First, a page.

As students begin the process of exploring the imaginative possibilities of "poetic play," they become better grounded as individuals and as members of their classroom community. They realize that each person perceives the world differently. When a student returns from a trip to the downtown mall with a poem written from the empathetic point of view of an older woman, he has made the imaginative leap from "self" to "other" and has begun the process of realizing the "new order of things" that Maxine Greene mentions. When the student finds that language itself is a powerful method of exploring both the self and the world, then such play takes on a new meaning. One, perhaps more closely akin to that of children who through their play transform the ordinary into the extraordinary and, in doing so, deepen and enrich their understanding of the world itself. When the swing set in the backyard becomes a submarine, when the wooden blocks on the floor become a village or cathedral, the very act of play transforms the objects into something imagined. Poetry writing happens in the same way.

     Poetry connects the inner self to the world through association, memory, image and sound. Poetry provided David, the contentious senior, a way to express himself, to link his own inner demons to the world through an act of imagination. Kutz and Roskelly point out that "for Bruner as well as Bronowski, whether the existing system is a bureaucratic structure, a format for lessons, a poetic form, or a scientific problem, coming to new understandings involves moving outside of the existing system, preconceiving it and seeing it in new ways" (225 ). The value of writing the poem, then, is that it emerges from the twin acts of re-seeing the world and transforming the self-both necessary skills for the health and well-being of our culture in the 21st Century.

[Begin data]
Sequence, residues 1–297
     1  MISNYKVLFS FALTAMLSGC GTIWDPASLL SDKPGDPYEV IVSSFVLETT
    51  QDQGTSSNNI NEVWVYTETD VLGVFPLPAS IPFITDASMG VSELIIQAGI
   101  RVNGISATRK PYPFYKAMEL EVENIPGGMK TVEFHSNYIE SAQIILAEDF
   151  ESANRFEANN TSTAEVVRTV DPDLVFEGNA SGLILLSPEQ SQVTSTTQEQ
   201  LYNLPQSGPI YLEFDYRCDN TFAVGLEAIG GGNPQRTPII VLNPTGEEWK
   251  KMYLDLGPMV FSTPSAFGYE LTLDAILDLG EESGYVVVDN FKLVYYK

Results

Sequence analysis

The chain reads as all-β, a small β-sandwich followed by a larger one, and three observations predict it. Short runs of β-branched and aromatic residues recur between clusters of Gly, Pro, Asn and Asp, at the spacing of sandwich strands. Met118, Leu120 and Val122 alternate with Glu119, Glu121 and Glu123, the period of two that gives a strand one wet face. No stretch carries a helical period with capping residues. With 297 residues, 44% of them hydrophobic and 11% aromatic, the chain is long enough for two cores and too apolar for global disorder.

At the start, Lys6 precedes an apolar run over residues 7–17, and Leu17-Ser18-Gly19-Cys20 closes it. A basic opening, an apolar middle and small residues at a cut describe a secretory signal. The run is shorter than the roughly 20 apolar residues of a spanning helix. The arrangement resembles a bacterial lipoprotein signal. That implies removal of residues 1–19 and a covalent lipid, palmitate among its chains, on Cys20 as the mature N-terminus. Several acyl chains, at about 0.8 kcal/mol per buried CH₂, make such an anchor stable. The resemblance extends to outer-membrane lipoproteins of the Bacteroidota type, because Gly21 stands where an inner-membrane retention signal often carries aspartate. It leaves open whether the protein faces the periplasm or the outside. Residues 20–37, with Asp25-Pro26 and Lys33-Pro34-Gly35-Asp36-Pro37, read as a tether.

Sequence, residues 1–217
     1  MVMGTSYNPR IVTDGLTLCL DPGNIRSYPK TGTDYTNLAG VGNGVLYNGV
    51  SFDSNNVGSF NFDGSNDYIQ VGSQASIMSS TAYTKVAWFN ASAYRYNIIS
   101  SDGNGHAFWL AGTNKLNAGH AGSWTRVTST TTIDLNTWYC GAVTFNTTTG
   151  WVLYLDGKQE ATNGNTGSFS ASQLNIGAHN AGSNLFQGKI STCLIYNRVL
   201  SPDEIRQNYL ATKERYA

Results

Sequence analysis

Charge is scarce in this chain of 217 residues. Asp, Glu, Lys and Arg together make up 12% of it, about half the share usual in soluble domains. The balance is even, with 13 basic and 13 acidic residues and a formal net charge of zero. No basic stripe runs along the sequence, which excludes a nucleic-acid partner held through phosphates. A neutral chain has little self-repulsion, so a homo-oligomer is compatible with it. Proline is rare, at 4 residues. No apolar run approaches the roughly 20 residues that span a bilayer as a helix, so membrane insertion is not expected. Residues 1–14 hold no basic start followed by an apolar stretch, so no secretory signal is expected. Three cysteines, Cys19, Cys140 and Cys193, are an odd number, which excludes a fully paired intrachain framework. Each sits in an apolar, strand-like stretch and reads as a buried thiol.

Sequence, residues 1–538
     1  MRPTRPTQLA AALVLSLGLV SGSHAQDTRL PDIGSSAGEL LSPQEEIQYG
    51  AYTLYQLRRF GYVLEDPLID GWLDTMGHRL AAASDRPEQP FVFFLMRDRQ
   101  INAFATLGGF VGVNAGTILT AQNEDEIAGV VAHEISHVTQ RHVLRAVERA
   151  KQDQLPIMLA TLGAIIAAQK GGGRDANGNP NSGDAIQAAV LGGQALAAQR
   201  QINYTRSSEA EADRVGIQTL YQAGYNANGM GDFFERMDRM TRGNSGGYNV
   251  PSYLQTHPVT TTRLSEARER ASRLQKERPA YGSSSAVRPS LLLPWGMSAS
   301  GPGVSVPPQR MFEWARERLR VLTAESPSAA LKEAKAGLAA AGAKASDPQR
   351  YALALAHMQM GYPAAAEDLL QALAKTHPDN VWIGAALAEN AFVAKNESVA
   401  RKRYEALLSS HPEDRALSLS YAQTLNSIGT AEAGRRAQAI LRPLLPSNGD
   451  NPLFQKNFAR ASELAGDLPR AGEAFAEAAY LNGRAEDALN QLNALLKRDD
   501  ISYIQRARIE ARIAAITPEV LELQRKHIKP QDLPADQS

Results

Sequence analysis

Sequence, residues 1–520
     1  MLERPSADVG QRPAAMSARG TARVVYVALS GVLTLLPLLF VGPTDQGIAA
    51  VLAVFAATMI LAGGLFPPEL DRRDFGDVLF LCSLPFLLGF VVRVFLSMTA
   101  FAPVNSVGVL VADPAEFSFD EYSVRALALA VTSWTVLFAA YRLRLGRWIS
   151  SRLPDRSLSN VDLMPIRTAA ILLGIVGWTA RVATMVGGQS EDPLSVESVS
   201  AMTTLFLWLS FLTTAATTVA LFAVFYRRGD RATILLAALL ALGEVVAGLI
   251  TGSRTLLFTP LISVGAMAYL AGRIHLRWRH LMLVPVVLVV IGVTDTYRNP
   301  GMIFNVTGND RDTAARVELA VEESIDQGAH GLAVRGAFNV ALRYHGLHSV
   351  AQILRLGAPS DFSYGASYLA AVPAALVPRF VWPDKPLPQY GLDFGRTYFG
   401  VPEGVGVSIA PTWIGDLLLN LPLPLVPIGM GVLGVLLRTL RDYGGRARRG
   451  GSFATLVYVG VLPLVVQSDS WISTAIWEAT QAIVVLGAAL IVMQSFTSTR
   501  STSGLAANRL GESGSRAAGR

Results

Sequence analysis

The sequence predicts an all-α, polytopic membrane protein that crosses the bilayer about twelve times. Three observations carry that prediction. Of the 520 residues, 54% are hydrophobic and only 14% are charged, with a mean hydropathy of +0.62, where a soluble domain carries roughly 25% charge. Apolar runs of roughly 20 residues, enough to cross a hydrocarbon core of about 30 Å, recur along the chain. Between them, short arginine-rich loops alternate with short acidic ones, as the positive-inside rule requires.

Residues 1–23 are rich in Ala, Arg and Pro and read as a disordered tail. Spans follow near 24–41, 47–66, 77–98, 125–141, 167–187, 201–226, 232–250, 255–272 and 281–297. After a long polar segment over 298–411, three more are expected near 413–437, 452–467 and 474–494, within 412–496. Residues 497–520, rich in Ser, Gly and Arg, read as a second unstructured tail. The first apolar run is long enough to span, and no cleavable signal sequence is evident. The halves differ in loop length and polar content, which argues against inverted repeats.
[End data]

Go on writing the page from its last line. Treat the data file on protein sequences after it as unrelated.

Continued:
"Only when individuals are empowered to interpret the situations they live together do they become able to mediate between the object-world and their own consciousness, to locate themselves so that freedom can appear."
- Maxine Green, The Dialectic of Freedom

References

Greene, Maxine. (1978) Landscapes of Learning. New York: Teacher's College Press.
-. (1988) The Dialectic of Freedom. New York: Teacher's College Press.

Kutz, Eleanor and Hephzibah Roskelly. (1991) An Unquiet Pedagogy. Portsmouth, NH: Heinemann.

Noddings, Nel. (1992) A Challenge to Care: An Alternative Approach to Education. New York: Teacher's College Press.

Shell, Marc. (1978) The Economy of Literature. Baltimore: John Hopkins University Press.

Spender, Stephen. (1952) The Creative Process. Ed. Grewster Ghiselin. New York: Penguin.

Sutton-Smith, Brian. (1988) "In Search of the Imagination" in Imagination and Education." Eds. Kieran Egan and Dan Nadaner. New York: Teacher's College Press.

back to content page